March 21, 2014

Gun Violence: What Would Jesus (Have Us) Do?

In Isaiah 2 the prophet describes taking weapons and fashioning them into farming tools–tools that will care for the land and bring food to the people. What an image! It’s redemptive. It’s creative.

It’s redemptive because it repurposes the brutal instrument rather than destroy or demonize it. A cycle is broken, even down to the devices used to perpetrate violence.

Not only is the redemptive potential of these tools found, their creative purpose is as well. Their redemption finds them tilling land, creating food–sustenance to those that use the tools and their families.

It takes a lot of imagination to come up with ways to shape destruction into creation, hate into love, enemies into friends. But this is what we find described in this biblical passage. It’s also what we see Jesus embody, announce and instigate in the Gospels. He loves the hated. He turns death into life. He wins by losing.

He ends up being everything his mother imagined in her prenatal song.

The debate around gun violence lacks imagination. It lacks gospel.

The fact that so many young people are shot and killed across the U.S. terrifies each of us. Yet, most have come to the conclusion that the final decision on how Americans will address gun violence will be resolved by legislation. Our position on this issue will come down to how, and for whom, we vote. Really? That’s it?

It’s not enough.

No matter our position on this issue, no matter what actions politicians may take, what does the Gospel require of those of us that profess to be followers of Jesus Christ?

I recently spent time with students from Howard University, assembling crosses that would be displayed in memoriam to those who have lost their lives to gun violence. As I listened to them reflect on their own experiences with gun violence I was touched by their insights.

Each of the students I met with were young women of color. Several of them have grown up in contexts that assume violence happens. My life experience has been quite different: violence is the random, unexpected occurrence. The truth is that while suburban mass shootings make the news, the largest number of perpetrators and victims of gun violence tend to be young people of color. But this reality is rarely brought to our attention until left-leaning folks need to produce numbers to argue for political change.

The largest numbers of those that fall victim to gun violence are, in fact, more than numbers.

As that afternoon with the students wore on I realized that we would not finish writing out all the names of the victims to be placed on the crosses in the timeframe we had committed to. I told the students that they were welcome to leave, I could finish them soon enough. The life experiences and conviction of these young women wouldn’t allow them to leave. They committed to write out each name of the homicide victims from Prince George’s, Montgomery, Charles and St. Mary’s counties. It was a spiritual practice for these students but it also did something else: it made each of these murder victims more than a number. They each had a name. They each died on a particular day. They each lived only a certain number of years. These students wouldn’t leave until each name was remembered, was made human. Not just a number.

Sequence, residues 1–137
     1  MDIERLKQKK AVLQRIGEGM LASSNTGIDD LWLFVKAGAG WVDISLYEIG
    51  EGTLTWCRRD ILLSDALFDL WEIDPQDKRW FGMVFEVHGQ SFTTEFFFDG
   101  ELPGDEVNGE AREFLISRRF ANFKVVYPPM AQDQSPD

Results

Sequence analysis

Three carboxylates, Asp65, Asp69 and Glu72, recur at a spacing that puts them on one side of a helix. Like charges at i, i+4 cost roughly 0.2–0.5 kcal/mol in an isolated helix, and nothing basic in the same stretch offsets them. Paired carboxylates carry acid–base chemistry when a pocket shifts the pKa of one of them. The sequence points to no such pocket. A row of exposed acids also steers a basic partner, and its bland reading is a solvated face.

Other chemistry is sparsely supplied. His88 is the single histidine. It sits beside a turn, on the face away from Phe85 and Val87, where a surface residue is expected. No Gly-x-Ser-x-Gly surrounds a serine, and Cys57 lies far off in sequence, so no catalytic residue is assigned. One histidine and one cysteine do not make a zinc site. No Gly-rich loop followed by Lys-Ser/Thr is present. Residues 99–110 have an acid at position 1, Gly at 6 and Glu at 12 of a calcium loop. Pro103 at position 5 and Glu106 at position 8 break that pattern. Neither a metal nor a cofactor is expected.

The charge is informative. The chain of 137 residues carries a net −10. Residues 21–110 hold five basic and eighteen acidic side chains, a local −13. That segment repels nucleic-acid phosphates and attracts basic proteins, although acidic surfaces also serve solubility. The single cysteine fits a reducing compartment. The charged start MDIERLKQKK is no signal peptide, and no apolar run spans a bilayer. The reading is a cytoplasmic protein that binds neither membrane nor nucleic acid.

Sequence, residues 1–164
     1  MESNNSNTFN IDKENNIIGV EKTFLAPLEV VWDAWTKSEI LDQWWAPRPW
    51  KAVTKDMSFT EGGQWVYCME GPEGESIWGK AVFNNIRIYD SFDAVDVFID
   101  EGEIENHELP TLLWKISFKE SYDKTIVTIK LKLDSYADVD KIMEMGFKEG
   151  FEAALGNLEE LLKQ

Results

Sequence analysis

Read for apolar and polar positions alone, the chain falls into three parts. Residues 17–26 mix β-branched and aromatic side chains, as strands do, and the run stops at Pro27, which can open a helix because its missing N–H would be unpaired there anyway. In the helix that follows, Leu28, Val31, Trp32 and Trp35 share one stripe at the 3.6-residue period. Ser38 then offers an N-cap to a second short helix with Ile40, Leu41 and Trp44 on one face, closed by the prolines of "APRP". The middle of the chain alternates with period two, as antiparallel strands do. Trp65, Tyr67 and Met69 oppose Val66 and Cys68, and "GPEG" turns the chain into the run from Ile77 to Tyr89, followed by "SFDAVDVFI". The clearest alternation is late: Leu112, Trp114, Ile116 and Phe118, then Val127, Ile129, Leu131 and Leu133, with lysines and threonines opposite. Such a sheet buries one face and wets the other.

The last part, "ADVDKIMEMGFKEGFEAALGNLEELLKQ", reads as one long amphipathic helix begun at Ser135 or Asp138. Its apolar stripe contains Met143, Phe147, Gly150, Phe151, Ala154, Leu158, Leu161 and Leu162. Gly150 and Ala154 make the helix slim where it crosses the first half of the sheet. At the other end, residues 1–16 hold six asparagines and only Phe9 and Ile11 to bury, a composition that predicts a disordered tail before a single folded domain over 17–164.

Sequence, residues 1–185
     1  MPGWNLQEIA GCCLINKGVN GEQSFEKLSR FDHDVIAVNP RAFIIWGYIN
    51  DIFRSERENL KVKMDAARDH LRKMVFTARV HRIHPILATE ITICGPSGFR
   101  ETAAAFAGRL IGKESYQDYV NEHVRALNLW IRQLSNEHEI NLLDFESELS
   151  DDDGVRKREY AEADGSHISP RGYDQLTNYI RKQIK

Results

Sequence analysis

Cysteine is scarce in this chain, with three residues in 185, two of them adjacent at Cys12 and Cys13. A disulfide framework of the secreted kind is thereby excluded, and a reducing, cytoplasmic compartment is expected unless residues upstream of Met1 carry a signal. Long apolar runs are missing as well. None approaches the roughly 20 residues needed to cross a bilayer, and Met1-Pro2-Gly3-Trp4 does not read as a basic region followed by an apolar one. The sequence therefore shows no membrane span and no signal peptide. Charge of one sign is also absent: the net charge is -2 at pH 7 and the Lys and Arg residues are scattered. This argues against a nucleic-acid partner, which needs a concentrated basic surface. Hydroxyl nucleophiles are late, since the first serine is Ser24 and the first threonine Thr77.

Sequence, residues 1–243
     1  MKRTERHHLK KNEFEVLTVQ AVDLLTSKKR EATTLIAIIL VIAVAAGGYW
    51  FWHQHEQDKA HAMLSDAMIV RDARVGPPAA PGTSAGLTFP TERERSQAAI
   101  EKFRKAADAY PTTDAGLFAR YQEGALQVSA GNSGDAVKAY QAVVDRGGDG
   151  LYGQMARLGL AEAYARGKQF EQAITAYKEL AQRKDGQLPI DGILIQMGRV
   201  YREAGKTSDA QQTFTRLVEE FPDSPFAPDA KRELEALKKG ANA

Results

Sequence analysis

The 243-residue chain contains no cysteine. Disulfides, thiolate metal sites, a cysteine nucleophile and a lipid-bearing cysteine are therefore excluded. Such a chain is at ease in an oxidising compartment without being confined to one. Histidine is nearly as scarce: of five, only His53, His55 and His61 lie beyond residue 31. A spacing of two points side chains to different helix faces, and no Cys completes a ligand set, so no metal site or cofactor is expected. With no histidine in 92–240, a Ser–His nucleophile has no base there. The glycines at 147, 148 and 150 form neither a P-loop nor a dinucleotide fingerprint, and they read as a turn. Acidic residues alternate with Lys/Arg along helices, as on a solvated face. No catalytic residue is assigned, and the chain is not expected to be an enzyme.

One of the most profound aspects of Jesus ministry was that he offered human dignity to those that popular culture of his day did not. When we mark the statistics of gun violence but do not recognize the humanity of the victims of both the perpetrators and victims we miss part of what it is to live a life modeled after Jesus’. They are often the mentally ill, the jobless, the poor, the neglected, the orphaned, women and children.

This is more than a legislative issue. Gun violence is a symptom of sick communities, a sick culture. In the spirit of Isaiah 2, what is the redemptive potential, creative purpose within this situation? It requires a little more imagination than we may want to offer. But consider this, I once heard Dr. Arthur Kellermann asked, “As a parent, what can I do about gun violence?” His response, “Read to your kids.” How ordinary yet profound. How simplistic yet holistic. Maybe those things that will not only diminish the violence of the future but heal the wounds of the past are more available to us than we at first imagine.

Let’s read to kids. Plant gardens with friends. Put up street lights. Make public art. Walk through neighborhoods rather than drive through them. Throw parties. Make friends. Listen to people tell their stories and tell our own. Let’s cultivate environments and lives that do not require violence. We have an opportunity here. We have an opportunity to give a name, human dignity to the numbers, the nameless. It is an opportunity to extend the human touch, to be in new relationships. We have an opportunity to embody the gospel. And I believe the gospel defeats death.

NOTE: Check out this and this. Talk about taking Isaiah 2 literally?! Love it!

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